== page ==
Saturday, December 25, 2021

Here, There and Everywhere: Small Mercies

 FASTER, PLEASE: Pfizer pill becomes first US-authorized home COVID treatment.

Literature professors adopt a new humility but still must make their case: Why literature as opposed to, say, lawn care? Why indeed … 

Wall Street Journal editorial, The Internal Revenue Leak Service:

Democrats want to give $80 billion to the Internal Revenue Service to audit millions of Americans each year. Yet six months after the progressive website ProPublica first published the secret tax information of rich Americans, the tax agency still can’t explain what happened. Senate Republicans led by Iowa’s Chuck Grassley are demanding answers.

Orwell Estate OKs Retelling Of “1984” From Viewpoint Of Winston Smith’s Lover

"Orwell's estate said it had been 'looking for some time' for an author to tell the story of and that Newman, who has previously been longlisted for the Women's prize and shortlisted for the Guardian first book award, 'proved to be the perfect fit'." - The Guardian

Bird songs bump stars off Australian music chartBBC

Beavers Misbehave. Canadians Love Them Anyway.New York Times 

SCIENCE:  How Sex Affects Athletic Performance.

Depressed by the press: journalism bows to the authoritarians

Weakened by commercial and political pressures, legacy media are struggling to counter the antagonism of vested interests, writes Lucy Hamilton. 

You may soon be able to renew your passport online, instead of sending in documents

NPR: “Renewing your passport isn’t an experience most people would consider streamlined — especially during the pandemic. Getting it processed can take anywhere from eight to 11 weeks, according to the State Department. But a new executive order from President Biden hopes to cut down on the amount of time people spend accessing all kinds of government services, like scheduling a callback time with the IRS, applying for Social Security and Medicare benefits online, and yes, renewing a passport. One of the points in a new executive order signed on Monday calls on the secretary of state to create a system through which people can renew their passports online, without having to mail in any physical documents. “Every interaction between the Federal Government and the public … should be seen as an opportunity for the Government to save an individual’s time (and thus reduce “time taxes”) and to deliver the level of service that the public expects and deserves,” the executive order says…”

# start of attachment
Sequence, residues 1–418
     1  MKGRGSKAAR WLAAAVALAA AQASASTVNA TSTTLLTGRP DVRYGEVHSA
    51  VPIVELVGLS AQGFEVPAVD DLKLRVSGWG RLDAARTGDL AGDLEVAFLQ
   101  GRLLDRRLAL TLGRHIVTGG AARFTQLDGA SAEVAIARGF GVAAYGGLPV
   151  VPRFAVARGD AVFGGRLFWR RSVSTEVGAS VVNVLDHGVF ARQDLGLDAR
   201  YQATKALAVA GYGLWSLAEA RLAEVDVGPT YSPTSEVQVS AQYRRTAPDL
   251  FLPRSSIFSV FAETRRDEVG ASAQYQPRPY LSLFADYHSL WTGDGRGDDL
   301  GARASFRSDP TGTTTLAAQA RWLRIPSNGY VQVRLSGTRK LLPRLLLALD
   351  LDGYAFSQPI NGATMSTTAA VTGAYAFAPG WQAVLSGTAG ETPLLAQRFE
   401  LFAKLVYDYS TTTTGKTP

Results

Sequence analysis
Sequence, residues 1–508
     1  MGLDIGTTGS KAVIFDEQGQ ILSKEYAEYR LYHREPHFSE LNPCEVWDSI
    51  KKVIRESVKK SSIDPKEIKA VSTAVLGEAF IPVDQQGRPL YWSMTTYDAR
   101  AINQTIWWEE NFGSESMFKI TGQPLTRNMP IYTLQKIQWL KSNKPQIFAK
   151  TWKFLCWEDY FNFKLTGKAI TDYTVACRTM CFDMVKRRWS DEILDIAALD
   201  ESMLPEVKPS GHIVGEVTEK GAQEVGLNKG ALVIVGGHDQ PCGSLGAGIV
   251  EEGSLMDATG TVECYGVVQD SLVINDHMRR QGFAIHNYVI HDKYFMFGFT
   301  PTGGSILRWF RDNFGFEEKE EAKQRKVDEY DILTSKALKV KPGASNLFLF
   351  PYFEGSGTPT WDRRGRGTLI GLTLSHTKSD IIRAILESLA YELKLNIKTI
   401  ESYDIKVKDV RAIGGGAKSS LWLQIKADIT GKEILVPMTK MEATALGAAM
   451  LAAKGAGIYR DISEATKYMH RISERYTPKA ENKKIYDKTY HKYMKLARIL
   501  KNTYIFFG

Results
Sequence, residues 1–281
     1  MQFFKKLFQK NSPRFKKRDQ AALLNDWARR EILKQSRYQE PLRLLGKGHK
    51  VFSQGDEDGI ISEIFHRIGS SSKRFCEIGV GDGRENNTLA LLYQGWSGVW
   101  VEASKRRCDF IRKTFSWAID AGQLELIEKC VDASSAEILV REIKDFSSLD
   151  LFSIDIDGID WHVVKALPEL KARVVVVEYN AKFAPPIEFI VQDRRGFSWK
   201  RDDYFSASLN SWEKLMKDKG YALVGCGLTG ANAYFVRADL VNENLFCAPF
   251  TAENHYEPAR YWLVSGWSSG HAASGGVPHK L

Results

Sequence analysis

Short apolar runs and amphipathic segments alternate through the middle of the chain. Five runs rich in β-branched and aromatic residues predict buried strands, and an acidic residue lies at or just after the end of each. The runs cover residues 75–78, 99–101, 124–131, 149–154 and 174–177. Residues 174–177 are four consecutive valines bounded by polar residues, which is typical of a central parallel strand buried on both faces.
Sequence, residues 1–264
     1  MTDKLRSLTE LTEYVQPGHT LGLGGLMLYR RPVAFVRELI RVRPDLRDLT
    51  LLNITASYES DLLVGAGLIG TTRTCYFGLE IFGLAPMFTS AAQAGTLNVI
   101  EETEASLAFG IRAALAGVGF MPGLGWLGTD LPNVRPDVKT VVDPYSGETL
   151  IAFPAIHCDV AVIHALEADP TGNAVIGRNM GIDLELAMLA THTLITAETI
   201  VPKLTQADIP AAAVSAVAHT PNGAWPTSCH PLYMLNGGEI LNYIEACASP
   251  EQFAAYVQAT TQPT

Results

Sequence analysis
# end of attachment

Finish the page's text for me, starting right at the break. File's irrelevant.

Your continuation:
How to pray to a dead God aeon

Small Mercies: Magic Mushrooms Helped Me Regain Control of My Brain Jezebel

  1. Life, by Carlos Mariscal.
  2. Aristotle’s Aesthetics, by Pierre Destrée.
  3. Alonzo Church, by Harry Deutsch and Oliver Marshall.


  1. The Distinction Between Innate and Acquired Characteristics, by Paul Griffiths and Stefan Linquist.
  2. Collingwood’s Aesthetics, by Gary Kemp.
  3. Johannes Sharpe, by Alessandro Conti.
  4. Medieval Theories of Analogy, by E. Jennifer Ashworth and Domenic D’Ettore.
  5. Environmental Ethics, by Andrew Brennan and Norva Y. S. Lo.
  6. Galen, by P. N. Singer.

IEP      ∅        

NDPR      ∅     

1000-Word Philosophy     

  1. Modal Ontological Arguments for the Existence of God, by Thomas Metcalf.   

Project Vox      ∅  

Recent Philosophy Book Reviews in Non-Academic Media     

  1. Drawing The Line: What to Do with the Work of Immoral Artists from Museums to the Movies by Erich Hatala Matthes is reviewed by Barton Swaim at the Wall Street Journal (may be paywalled).
  2. Artful Truths: The Philosophy of Memoir by Helena de Bres is reviewed by Tom Whyman at the Times Literary Supplement (may be paywalled).

Compiled by Michael Glawson

BONUS: Reconciling ideal and non-ideal theory

  1. At the University of Groningen, philosophy majors are required to take philosophy “outside the walls” — this involves a creative project rather than an academic paper, and interviewing people outside of academia
  2. How “aesthetic ideals have carried over to contemporary experiments in science” — Milena Ivanova (Cambridge) takes up the question, “what does it mean for an experiment to be beautiful?”
  3. “The homogenizing of language won’t homogenize thought… but we may [have] reasons to worry that it will limit intellectual diversity” — Neil Levy (Oxford) on the ethics of the linguistic “affordances” of Grammarly and other AI-based writing tools
  4. “I want to show students a new way into philosophy – through doing ridiculous things” — that’s why Meg Wallace (Kentucky) teaches “Circus and Philosophy”
  5. Want to help your students “steel-man” rather than “straw-man” other people’s arguments? — ThinkerAnalytix & Harvard are offering free workshops for philosophy instructors on how to teach students argument mapping as a way of exercising intellectual charity
  6. How to get something from “nothing” — Aaron Wendland (KCL/Massey) on Heidegger, Carnap, and the analytic-Continental split
  7. “My utterly personal and speculative overall take-away from our data is that women’s emancipation had a paradoxical effect in philosophy” — Katharina Nieswandt (Concordia) interviewed by Adriel Trott (Wabash)